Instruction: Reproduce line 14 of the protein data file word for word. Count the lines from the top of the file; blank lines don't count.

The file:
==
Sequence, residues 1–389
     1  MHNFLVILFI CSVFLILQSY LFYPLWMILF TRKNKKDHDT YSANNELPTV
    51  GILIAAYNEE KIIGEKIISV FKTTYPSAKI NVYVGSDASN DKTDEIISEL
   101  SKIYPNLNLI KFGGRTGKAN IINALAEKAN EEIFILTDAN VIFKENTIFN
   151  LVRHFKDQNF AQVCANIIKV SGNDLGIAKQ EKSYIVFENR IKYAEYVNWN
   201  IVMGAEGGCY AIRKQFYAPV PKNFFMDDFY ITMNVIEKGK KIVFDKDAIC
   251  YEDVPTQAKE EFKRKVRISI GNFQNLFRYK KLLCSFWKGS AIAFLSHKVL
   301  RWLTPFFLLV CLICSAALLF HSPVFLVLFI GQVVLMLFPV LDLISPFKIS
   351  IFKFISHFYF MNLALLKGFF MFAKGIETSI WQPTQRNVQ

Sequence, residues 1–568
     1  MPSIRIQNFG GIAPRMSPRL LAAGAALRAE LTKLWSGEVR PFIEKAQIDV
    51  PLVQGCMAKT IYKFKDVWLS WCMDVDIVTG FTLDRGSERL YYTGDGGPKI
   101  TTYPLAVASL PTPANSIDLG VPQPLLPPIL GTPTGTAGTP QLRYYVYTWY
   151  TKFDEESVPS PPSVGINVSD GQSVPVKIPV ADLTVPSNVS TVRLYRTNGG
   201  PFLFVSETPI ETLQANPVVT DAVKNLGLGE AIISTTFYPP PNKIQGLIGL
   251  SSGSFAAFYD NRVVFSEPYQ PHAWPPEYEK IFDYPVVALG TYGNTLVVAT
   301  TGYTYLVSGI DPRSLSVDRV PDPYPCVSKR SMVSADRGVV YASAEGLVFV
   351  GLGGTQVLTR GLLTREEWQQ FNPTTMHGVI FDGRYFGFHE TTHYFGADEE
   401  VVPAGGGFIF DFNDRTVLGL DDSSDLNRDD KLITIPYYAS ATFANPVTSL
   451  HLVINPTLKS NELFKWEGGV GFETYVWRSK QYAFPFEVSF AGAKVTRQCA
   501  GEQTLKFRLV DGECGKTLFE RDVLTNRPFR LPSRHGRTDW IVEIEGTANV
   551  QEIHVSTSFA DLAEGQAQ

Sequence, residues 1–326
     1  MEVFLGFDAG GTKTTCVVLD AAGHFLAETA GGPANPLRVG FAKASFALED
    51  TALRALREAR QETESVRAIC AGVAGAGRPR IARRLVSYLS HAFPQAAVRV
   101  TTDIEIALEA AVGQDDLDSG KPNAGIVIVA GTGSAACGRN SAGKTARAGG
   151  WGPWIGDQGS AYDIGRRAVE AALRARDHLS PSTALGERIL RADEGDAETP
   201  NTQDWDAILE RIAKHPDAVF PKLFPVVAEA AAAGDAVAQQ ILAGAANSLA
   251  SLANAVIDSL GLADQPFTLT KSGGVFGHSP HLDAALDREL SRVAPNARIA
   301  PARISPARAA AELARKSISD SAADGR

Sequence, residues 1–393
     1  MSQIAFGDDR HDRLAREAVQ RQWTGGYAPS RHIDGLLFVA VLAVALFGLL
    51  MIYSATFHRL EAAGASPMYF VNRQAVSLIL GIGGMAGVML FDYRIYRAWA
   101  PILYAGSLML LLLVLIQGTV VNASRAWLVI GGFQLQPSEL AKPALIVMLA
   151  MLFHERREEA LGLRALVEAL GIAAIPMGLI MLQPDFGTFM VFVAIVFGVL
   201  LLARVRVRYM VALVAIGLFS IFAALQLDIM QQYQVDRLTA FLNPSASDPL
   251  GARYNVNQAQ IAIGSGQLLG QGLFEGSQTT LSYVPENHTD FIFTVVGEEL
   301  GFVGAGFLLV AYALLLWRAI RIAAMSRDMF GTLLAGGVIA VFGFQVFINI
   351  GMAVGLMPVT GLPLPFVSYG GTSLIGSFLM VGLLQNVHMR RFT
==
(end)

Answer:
   151  TKFDEESVPS PPSVGINVSD GQSVPVKIPV ADLTVPSNVS TVRLYRTNGG